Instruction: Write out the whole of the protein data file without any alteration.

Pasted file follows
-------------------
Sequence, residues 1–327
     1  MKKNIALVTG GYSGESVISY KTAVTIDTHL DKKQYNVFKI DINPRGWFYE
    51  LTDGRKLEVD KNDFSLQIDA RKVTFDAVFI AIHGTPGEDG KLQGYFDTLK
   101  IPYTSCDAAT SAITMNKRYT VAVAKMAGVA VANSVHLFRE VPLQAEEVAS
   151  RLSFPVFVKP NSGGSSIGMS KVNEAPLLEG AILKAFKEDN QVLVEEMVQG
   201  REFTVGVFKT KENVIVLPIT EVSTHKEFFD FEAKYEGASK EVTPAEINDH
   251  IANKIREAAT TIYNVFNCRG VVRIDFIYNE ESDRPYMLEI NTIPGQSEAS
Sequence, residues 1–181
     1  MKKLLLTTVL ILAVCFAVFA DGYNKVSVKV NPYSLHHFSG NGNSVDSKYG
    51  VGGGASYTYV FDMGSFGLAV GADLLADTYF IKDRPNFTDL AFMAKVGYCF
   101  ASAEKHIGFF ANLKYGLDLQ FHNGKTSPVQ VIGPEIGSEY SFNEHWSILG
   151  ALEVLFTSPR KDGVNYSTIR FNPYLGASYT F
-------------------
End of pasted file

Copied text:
Sequence, residues 1–327
     1  MKKNIALVTG GYSGESVISY KTAVTIDTHL DKKQYNVFKI DINPRGWFYE
    51  LTDGRKLEVD KNDFSLQIDA RKVTFDAVFI AIHGTPGEDG KLQGYFDTLK
   101  IPYTSCDAAT SAITMNKRYT VAVAKMAGVA VANSVHLFRE VPLQAEEVAS
   151  RLSFPVFVKP NSGGSSIGMS KVNEAPLLEG AILKAFKEDN QVLVEEMVQG
   201  REFTVGVFKT KENVIVLPIT EVSTHKEFFD FEAKYEGASK EVTPAEINDH
   251  IANKIREAAT TIYNVFNCRG VVRIDFIYNE ESDRPYMLEI NTIPGQSEAS
Sequence, residues 1–181
     1  MKKLLLTTVL ILAVCFAVFA DGYNKVSVKV NPYSLHHFSG NGNSVDSKYG
    51  VGGGASYTYV FDMGSFGLAV GADLLADTYF IKDRPNFTDL AFMAKVGYCF
   101  ASAEKHIGFF ANLKYGLDLQ FHNGKTSPVQ VIGPEIGSEY SFNEHWSILG
   151  ALEVLFTSPR KDGVNYSTIR FNPYLGASYT F